The organ was built by the company Gebrüder Link from Giengen an der Brenz and inaugurated together with the church in 1910. The location in the second gallery was deliberately chosen by architect Theodor Fischer, who wrote: "That the organ under the west dome will produce a fine acoustic effect may be assumed with some reason." The organ took up elements of the Alsatian-New German organ reform, which aimed at a synthesis between German and French organ types. The division of the second manual (Schwellwerk), for example, contains typical elements from a French Récit, so the work has a typical french battery of reeds (Basson 16′, Trompette harmonique 8′, Clairon 4′). The division of the third manual, on the other hand, is more reminiscent of a Schwellwerk in the tradition of German late Romanticism.
The current state of the organ is the result of a fundamental renovation and extension by the company Orgelbau Thomas B. Gaida in Memmetsweiler. The organ was expanded to 62 stops on four manuals and a new console was installed in the first gallery, resulting in a much improved listening position for the organist. In addition, 10 auxiliary stops were installed, which are distributed over the various divisions and can be selected individually on each manual, while being excluded from the couplers. This results in an enormous flexibility that is unique in its kind.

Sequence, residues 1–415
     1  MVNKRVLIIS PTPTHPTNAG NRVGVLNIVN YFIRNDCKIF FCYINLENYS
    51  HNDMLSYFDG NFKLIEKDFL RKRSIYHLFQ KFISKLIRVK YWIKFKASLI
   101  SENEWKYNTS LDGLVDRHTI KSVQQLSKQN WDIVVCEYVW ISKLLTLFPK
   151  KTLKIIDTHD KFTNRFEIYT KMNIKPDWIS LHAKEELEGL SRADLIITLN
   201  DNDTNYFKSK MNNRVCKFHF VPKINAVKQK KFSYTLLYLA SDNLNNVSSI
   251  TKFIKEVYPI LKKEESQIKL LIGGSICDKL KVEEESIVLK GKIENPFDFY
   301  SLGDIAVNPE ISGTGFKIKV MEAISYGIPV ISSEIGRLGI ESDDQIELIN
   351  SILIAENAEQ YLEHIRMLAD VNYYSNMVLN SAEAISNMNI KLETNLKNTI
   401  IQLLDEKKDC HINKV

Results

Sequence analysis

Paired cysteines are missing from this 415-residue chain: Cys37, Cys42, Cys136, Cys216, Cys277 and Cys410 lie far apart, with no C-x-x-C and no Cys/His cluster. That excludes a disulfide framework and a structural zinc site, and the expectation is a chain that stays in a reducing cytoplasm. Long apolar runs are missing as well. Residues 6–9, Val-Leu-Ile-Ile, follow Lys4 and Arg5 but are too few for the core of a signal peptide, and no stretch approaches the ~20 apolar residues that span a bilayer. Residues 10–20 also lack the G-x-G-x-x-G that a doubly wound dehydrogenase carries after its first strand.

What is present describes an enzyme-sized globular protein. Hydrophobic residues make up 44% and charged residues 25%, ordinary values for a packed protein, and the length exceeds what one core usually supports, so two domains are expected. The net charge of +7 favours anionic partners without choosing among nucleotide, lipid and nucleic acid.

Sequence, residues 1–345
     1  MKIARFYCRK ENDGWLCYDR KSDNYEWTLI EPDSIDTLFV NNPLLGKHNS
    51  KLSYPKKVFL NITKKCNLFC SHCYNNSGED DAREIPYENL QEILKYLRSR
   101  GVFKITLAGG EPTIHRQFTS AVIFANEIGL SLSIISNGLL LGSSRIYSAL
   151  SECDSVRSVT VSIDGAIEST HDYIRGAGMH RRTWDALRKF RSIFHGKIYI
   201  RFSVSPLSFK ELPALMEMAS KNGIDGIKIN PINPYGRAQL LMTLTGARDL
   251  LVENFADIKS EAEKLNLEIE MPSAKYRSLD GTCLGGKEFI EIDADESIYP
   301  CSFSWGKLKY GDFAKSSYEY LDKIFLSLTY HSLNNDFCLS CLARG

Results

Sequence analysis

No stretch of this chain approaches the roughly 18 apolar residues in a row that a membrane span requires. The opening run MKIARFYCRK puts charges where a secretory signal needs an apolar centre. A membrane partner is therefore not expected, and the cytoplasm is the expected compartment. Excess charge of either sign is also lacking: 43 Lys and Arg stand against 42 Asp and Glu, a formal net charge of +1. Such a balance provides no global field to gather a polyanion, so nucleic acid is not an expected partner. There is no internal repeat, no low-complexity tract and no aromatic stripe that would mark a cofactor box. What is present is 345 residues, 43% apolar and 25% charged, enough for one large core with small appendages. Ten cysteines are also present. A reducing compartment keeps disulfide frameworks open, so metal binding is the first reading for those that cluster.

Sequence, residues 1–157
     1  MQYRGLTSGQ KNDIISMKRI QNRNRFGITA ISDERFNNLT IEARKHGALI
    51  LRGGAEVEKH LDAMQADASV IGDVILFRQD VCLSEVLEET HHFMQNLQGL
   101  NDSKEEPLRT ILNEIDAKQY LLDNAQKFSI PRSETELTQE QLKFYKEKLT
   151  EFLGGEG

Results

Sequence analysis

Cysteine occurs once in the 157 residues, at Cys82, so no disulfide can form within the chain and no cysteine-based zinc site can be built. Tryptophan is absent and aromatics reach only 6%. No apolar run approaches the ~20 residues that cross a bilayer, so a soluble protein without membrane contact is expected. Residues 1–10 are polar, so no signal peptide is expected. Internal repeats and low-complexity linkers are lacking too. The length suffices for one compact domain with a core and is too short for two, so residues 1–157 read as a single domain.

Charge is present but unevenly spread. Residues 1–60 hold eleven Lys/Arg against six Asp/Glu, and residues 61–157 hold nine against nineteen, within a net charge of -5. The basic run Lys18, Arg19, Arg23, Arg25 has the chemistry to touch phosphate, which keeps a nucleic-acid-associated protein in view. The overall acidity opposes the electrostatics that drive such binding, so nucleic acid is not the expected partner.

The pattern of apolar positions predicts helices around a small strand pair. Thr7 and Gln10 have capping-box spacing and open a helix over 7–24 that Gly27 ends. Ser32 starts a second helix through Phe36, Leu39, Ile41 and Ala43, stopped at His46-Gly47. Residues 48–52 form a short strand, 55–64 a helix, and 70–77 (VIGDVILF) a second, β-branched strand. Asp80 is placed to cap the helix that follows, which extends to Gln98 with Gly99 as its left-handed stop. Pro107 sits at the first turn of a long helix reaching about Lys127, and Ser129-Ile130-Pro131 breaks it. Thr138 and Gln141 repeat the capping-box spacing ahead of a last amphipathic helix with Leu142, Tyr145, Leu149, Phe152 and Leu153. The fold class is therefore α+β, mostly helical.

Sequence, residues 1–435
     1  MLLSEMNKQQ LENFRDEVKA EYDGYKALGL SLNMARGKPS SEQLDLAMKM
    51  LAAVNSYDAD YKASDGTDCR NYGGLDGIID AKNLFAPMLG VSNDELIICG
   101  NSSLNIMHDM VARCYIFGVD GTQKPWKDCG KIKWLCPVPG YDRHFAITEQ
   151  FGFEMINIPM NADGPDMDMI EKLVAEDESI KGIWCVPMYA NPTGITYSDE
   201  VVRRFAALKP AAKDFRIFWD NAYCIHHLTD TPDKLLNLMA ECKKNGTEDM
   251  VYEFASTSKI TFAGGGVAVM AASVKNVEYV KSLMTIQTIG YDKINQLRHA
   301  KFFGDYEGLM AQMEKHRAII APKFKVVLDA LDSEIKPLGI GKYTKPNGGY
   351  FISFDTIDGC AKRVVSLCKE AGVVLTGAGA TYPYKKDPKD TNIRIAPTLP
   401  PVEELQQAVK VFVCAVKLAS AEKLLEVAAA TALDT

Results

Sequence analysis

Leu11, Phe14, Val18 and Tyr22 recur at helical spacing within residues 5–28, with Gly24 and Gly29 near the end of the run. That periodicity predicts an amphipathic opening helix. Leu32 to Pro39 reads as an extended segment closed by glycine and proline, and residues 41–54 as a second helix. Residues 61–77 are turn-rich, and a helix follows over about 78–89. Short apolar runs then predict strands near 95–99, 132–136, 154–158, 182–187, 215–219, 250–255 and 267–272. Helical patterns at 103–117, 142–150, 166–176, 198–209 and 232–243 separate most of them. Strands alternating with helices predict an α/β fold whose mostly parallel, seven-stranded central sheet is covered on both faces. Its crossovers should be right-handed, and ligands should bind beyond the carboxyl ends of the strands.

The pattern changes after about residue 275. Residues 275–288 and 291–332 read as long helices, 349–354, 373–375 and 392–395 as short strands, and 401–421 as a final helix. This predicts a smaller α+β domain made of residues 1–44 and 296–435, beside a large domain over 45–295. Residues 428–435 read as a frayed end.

The organ is characterized by a warm orchestral sound that can unfold wonderfully in the acoustics of St. Paul's Church. When the organ was accepted after renovation, the expert, KMD (Church Music Director) Gerhard Klumpp, wrote in his acceptance report: "The inauguration concerts were overwhelming demonstrations of the unique romantic sound of this large organ. The organ is unsurpassed in its uniqueness in a wide area. I personally know of no instrument that equals or even surpasses the St. Paul organ in its romantic character."
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First impressions from Ulm: Toccata, Reger and Meditation, Seifen (Popup Player)